The outbreak began in early February in the south-eastern forest region of Nzérékoré, capital of Guinée-Forestière, nearly 1,000 kilometres from Conakry. The government’s initial reaction was weak: it sent no medical team to the area, with its barely functioning clinics, until MSF launched an emergency response. It sent 24 doctors, nurses, logisticians and hygiene and sanitation experts, who set up an isolation unit for suspected cases in Guéckédou. The Health Ministry’s role was largely supportive.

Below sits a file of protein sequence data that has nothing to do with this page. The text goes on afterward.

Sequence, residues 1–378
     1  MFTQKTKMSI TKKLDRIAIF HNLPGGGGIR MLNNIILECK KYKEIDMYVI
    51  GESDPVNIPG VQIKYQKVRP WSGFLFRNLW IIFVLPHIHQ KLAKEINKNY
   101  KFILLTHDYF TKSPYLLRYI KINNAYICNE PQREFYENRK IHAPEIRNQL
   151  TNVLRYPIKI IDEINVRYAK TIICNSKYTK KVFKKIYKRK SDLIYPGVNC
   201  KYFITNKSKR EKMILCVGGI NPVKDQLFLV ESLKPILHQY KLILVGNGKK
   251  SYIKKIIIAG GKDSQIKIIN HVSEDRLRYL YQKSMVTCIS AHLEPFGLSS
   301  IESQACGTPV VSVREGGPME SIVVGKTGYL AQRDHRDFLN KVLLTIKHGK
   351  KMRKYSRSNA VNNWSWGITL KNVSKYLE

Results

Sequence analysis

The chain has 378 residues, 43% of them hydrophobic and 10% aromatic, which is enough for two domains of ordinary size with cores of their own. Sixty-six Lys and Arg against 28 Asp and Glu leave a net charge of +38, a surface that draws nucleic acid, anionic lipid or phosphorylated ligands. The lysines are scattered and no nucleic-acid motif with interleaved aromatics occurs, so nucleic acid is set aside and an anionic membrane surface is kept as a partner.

By 25 March, the WHO reported that the four neighbouring districts of Guéckédou, Nzérékoré, Kissidougou and Macenta had become Ebola epicentres, with 86 suspected cases, including 59 deaths. By 30 July, the government had announced 472 cases, including 346 fatalities. The virus had spread to the centre and north-west, including some major mining districts. Conakry reported 91 suspected cases and 41 deaths.

 Liberia had reported its first cases in Lofa County, close to Guinea’s epicentre, by mid-March. The Liberian elite also neglects its rural areas. The two initially confirmed cases in Lofa were said to be people who had caught the virus in Guinea and then moved to Liberia through the many unpoliced border crossing points. In early April, a hunter in Tapeta, Nimba County, tested positive. He apparently had no contact with anyone from Guinea and had never been there.